Case Studies details
Case Studies details
Investigating the Flash Point of a Vessel Explosion
Litigation, North America
February 1, 2022
A petroleum fuel’s flash point is a key specification for its safe transportation and storage. In the laboratory, the flash point test determines the temperature at which the fuel vaporizes sufficiently to ignite in air. The U.S. Department of Transportation defines a “flammable” product, such as gasoline, as having a flash point of 100°F (37.8°C) or less. A “combustible” product like heavy fuel oil is defined as having a flash point of greater than 100°F.
Flammable fuels generally have more restrictive handling safety precautions than combustible fuels. For example, the U.S. Coast Guard certifies three marine vessel classes for carrying flammable liquids and two classes for carrying combustible cargoes. Inspections and the specific equipment used on each vessel determine its class. Fuels are tested to confirm their quality and compliance before ship loading.
The American Society for Testing and Materials (ASTM) publishes several standard methods for flash point testing of fuels; each method includes a description of the apparatus, the test procedure, and requirements for obtaining and preserving samples. When these procedures are not carefully followed, laboratory testing can provide unreliable results and lead to disaster.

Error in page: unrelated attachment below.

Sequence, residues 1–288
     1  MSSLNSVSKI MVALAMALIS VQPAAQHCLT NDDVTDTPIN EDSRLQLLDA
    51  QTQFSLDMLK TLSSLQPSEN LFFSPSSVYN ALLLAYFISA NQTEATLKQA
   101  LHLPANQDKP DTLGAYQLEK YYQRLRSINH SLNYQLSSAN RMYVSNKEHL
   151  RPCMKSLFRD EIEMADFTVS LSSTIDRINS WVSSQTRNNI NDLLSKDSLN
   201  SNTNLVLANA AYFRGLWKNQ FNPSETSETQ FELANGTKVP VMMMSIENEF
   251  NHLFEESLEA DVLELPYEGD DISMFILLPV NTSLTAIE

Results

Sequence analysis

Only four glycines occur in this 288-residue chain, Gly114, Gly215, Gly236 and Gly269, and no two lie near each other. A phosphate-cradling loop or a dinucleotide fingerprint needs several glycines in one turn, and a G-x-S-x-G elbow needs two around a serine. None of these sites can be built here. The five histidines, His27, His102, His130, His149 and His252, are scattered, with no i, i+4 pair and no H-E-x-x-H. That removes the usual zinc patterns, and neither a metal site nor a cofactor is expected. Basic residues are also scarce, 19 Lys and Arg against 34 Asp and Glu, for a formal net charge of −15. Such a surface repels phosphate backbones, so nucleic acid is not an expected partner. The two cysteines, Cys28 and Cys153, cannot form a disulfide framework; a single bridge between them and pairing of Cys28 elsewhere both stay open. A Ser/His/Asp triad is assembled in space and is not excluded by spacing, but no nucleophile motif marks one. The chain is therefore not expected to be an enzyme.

In one matter, a refiner loaded a vessel with heavy fuel oil on a cold January morning. Valves normally used for the loading process had frozen, refinery operations were disrupted, and unusual steps were utilized to line tanks up to the dock. A surveyor collected and tested samples and reported the cargo’s flash point. Although testing qualified the product as meeting the vessel’s certification requirements, a few hours after leaving the dock, the vessel exploded violently and sank.
Baker & O’Brien consultants investigated the failure of flash point tests to reveal the flammable characteristics of the cargo. Our consultants considered various factors, including the origin of the sample, sampling procedures, the sample containers used, handling of the samples from when they were obtained until being tested in the laboratory, and third-party testing of samples obtained after the event. Baker & O’Brien used this information, along with the plant’s operating logs and inventory records to determine the cause of the explosion. We summarized our findings in an expert report and provided deposition testimony.